Domestic violence is a very real issue that affects all kinds of relationships, not just heterosexual ones. Same-sex domestic violence often goes largely ignored by social service, criminal justice, and medical care providers. The needs of same-sex partner violence victims have historically been minimized and met with homophobic responses. This can cause survivors of LGBTQI domestic violence to live in isolation, often continuing to endure emotional, psychological, and physical abuse in silence. Like victims in heterosexual relationships, victims of same-sex partner violence may fear leaving the perpetrator for any number of reasons, especially safety. This may be complicated if a victim is “closeted,” undocumented, or has otherwise experienced social oppression, as the victim may feel “stuck” or threatened by the potential repercussions of leaving an abusive partner.
Health Status and HIV
In San Francisco, HIV may exist within an number of communities. Although individuals living with HIV today are able to live completely normal lives, acquiring HIV/AIDS (or any disease for that matter) may lead to social isolation. For some, a downward spiral in one’s medical status is enough to cause one to retreat from previously enjoyed activities. Simply feeling worn out by the physical and mental stress of illness can cause one to consider ending one’s pain.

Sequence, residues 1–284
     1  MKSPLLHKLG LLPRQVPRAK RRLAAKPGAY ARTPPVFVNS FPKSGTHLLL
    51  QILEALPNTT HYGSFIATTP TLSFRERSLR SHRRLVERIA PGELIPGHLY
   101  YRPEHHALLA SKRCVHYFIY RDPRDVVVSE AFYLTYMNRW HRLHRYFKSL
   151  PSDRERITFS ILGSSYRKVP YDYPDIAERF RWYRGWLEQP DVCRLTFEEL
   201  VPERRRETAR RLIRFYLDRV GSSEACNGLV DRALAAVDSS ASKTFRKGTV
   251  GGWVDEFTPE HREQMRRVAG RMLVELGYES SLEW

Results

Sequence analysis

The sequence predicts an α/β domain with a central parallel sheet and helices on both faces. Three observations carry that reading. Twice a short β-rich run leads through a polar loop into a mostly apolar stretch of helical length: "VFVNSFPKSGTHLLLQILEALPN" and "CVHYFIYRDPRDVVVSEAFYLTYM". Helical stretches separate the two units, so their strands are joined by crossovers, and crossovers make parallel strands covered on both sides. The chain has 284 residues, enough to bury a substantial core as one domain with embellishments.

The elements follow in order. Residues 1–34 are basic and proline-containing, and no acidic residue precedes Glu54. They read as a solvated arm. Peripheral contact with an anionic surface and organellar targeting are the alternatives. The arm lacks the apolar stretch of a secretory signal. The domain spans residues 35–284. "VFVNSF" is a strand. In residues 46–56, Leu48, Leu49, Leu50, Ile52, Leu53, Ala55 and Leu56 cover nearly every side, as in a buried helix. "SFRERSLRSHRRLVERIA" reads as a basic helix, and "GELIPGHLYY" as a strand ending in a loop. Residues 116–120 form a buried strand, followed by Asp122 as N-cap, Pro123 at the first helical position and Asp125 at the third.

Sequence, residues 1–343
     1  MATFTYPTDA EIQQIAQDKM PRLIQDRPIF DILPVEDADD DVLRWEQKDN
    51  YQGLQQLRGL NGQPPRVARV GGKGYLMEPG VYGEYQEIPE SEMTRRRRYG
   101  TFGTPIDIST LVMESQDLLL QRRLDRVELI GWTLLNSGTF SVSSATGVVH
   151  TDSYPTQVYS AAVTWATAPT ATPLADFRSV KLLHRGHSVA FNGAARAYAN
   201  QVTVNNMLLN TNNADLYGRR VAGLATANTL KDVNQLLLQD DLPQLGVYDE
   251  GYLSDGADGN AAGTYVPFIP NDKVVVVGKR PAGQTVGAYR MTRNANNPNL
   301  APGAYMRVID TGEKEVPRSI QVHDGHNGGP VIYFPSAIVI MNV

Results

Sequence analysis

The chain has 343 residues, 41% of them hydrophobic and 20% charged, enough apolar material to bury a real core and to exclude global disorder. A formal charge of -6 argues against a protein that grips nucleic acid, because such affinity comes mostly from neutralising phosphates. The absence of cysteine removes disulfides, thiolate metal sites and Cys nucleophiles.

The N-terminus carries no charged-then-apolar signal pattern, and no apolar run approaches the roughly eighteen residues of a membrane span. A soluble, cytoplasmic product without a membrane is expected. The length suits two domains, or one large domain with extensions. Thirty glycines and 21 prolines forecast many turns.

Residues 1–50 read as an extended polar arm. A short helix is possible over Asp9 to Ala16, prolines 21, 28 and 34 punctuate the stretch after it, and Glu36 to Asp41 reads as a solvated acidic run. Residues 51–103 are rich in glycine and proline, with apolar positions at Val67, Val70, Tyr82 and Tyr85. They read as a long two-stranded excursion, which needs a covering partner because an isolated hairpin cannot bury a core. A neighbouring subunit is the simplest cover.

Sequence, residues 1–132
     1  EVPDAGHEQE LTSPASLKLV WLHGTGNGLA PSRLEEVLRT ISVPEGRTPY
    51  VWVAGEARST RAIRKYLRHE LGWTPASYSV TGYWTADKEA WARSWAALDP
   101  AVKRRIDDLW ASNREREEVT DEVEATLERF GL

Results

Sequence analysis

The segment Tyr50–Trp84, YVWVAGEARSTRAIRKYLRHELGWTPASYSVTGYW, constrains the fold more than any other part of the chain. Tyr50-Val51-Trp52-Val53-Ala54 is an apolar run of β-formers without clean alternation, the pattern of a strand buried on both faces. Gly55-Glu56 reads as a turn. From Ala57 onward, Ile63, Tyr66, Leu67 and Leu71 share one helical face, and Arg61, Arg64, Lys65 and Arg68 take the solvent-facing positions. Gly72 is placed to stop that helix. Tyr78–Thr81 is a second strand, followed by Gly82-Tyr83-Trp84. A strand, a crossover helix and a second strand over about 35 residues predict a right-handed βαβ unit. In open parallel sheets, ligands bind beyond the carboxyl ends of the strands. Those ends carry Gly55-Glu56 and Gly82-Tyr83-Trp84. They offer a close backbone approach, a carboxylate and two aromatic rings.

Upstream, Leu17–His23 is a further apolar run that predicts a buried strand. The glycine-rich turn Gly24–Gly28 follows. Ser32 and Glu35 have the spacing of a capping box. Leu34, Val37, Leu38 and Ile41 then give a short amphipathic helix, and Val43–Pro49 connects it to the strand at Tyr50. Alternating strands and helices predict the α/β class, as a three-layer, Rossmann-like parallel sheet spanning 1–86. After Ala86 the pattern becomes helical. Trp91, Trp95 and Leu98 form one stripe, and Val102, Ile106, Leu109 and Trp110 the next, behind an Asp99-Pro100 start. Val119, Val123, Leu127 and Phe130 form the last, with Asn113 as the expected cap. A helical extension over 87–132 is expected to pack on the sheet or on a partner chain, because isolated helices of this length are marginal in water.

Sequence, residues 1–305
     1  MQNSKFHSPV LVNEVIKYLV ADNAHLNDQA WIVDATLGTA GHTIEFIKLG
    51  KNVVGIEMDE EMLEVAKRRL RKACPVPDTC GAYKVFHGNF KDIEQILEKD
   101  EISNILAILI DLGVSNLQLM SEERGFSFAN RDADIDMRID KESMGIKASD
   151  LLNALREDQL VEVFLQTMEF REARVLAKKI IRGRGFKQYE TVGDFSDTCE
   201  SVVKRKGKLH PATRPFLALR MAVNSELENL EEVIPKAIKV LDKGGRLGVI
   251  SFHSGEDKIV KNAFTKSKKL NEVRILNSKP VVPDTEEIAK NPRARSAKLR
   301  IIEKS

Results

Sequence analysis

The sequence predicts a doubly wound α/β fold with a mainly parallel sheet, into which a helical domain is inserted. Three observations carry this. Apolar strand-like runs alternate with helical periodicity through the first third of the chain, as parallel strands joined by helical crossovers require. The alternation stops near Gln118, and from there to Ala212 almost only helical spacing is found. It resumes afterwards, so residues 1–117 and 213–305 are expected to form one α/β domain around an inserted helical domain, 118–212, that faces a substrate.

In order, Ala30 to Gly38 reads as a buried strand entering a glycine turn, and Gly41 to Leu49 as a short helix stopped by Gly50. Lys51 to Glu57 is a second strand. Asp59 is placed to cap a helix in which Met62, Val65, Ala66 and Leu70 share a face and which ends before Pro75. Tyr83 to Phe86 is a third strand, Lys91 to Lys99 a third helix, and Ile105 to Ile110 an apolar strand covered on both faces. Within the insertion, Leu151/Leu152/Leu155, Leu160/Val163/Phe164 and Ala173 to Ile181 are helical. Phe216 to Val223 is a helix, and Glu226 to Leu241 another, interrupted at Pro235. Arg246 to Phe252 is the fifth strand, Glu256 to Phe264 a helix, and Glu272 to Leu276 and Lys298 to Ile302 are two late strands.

Rejection by family, friends, coworkers or partners can also be felt due to the stigma surrounding HIV or illness. Often times, it is this fear of rejection and lack of emotional support that prevents people from seeking the necessary services that may be available in the community.
Grief is our emotional, physical, cognitive, behavioral, social, and spiritual response to a significant loss. We may experience grief for any number of reasons, like if a close friend dies, if we learn that a close friend or partner has a serious illness, or if we end an important relationship. Within the LGBTQI, HIV, and other historically oppressed communities, individuals may also experience a profound sadness at the long-standing realities of discrimination. We may feel despondent and turn inward, or we may turn to others to share our experiences. It is important to remember that grieving is normal and an important part of our lives– there is always hope for the future.
San Francisco offers a number of grief services. Learn more.
Drug and Alcohol Abuse
The LGBTQI community does have a high number of people struggling with alcohol and drug abuse. For any depressed person, adding alcohol and drugs creates a difficult downward spiral and can lead to severe negative emotions and behaviors.
San Francisco Suicide Prevention is about gay-friendly as it gets! We were founded by a gay man, and we have always had a high number of LGBTQ staff, volunteers and Board members. We have been here for the community for nearly 50 years.
If you or a friend are feeling depressed, our staff and volunteers are here to help. Another great resource, especially for LGBTQI youth is the Trevor Project. And we always need volunteers to help on our programs.
San Francisco Suicide Prevention’s LGBTQI Outreach program is supported by Grass Roots Gay Rights West, producers of REAL BAD.
As part of that grant, SFSP conducted the attached research on San Francisco’s LGBTQI community. The research will give you a lot more information about feelings and attitudes within the LGBTQI community (February 2011).
LGBTQI Student Resources and Support: This document includes common hardships, scholarships, and support.